Self-Publishing and Rejection

As an aspiring novelist, I have a longstanding relationship with rejection. The first year I applied to graduate schools, I was rejected from all of them. The second time I only made it into one. I’m currently starting my third round of agent submissions on my novel. In between each round I’ve made revisions based on the feedback I’ve received, and then have gone back to querying. I’ve been asked a lot why I don’t self-publish the book, and for a while it was a question I didn’t know how to answer, especially as I worked as an editor with more and more authors who do self-publish.

Questions I don’t know the answer to always lead me to the most interesting essays. I thought a lot about the question of self-publishing, first trying to write an essay about my own personal reasons for continuing to pursue traditional publishing. That didn’t quite answer the question, though, so I revised and revised, and eventually finished my essay “In Defense of Rejection.”

The essay is about writing and rejection, and argues that by removing rejection from the publishing process, self-publishing is changing what it means to be a writer. I struggled with writing this, because I work with so many self-published authors whose work I have great respect for. It’s difficult these days to wade into the debate about where and how to publish without appearing to denigrate other writers. That wasn’t my intention here at all. It does seem to me, though, that in all the conversations about the ways in which traditional publishing is broken (and I do agree that it is), there aren’t many people who talk about the value of rejection, or what happens to artists when rejection is removed from the equation. I hope this essay gets that conversation started.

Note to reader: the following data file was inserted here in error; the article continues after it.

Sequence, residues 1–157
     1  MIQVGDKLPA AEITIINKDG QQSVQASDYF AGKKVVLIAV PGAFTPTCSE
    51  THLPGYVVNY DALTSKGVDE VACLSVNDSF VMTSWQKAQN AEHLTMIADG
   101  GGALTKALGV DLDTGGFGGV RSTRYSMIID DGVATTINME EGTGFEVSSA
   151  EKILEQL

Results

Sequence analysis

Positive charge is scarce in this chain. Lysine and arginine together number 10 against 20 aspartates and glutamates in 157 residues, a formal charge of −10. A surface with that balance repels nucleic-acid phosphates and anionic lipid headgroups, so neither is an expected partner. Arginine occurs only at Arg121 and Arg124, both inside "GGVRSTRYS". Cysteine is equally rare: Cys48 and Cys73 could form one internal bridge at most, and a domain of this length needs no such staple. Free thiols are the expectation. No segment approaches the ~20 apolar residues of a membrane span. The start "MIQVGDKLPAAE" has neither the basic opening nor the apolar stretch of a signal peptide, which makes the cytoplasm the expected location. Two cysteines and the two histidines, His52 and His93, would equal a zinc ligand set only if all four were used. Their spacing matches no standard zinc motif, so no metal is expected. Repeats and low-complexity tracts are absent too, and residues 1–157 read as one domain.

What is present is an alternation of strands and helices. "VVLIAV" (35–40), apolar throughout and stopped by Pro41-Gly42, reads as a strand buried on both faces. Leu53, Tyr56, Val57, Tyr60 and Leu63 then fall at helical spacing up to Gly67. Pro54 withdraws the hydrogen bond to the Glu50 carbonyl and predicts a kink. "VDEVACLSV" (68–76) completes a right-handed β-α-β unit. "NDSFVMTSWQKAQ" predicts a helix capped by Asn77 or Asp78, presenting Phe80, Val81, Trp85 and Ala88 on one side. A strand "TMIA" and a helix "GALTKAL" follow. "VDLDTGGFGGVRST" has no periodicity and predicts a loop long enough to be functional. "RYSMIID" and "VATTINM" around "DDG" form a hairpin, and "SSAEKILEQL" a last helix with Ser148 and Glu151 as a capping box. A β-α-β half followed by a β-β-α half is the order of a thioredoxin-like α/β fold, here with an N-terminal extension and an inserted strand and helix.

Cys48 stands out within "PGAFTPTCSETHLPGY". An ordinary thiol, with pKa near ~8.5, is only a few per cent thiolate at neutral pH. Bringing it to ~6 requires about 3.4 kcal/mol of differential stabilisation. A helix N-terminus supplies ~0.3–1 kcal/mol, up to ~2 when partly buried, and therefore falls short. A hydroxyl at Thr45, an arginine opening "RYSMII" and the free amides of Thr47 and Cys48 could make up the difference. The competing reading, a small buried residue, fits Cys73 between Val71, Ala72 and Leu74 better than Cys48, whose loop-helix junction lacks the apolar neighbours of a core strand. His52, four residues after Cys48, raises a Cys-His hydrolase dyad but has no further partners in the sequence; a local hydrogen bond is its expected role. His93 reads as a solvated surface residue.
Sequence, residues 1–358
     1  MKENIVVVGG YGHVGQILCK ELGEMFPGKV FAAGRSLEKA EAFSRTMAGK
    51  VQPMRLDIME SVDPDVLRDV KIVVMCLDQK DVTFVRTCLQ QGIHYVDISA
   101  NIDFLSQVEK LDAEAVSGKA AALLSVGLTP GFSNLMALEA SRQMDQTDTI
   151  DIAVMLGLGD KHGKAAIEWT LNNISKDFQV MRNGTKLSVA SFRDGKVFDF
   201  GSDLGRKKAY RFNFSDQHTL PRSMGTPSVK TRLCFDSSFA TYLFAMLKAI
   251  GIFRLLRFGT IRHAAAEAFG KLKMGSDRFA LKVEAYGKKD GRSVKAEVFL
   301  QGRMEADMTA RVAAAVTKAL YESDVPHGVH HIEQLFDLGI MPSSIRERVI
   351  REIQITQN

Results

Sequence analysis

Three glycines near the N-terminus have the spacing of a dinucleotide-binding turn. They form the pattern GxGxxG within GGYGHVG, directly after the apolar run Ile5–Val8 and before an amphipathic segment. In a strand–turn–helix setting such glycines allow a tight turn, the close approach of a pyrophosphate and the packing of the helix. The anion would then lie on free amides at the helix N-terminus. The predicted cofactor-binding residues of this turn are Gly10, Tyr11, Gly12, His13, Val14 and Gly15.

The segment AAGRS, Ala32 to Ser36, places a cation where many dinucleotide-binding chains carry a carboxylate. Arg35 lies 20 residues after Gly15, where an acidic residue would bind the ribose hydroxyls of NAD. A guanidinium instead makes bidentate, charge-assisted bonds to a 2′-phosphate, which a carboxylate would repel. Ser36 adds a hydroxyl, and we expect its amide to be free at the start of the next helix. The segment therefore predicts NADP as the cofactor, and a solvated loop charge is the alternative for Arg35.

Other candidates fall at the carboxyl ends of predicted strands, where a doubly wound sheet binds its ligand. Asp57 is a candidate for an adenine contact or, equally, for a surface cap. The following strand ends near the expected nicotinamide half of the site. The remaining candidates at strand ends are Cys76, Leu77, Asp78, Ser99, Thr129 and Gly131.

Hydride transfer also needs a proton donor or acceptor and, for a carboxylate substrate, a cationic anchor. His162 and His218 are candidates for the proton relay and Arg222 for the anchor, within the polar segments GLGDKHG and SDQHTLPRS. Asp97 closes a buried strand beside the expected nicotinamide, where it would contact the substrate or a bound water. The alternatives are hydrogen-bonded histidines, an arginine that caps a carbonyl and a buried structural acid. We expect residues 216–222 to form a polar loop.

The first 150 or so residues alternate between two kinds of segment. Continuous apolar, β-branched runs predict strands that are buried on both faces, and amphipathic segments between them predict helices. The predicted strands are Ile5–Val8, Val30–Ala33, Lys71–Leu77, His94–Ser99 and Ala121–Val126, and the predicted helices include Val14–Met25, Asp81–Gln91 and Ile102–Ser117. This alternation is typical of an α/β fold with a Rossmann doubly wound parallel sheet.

And in case you’re curious, before this essay was published by English Kills Review, it was rejected (in various forms) by eleven other editors. I wrote and began submitting the initial version of the essay in October 2013, and in between rejections continued to rewrite and revise. I’m glad I did. This is a better essay than the first one I wrote 10 months ago. The rejection helped me get it there.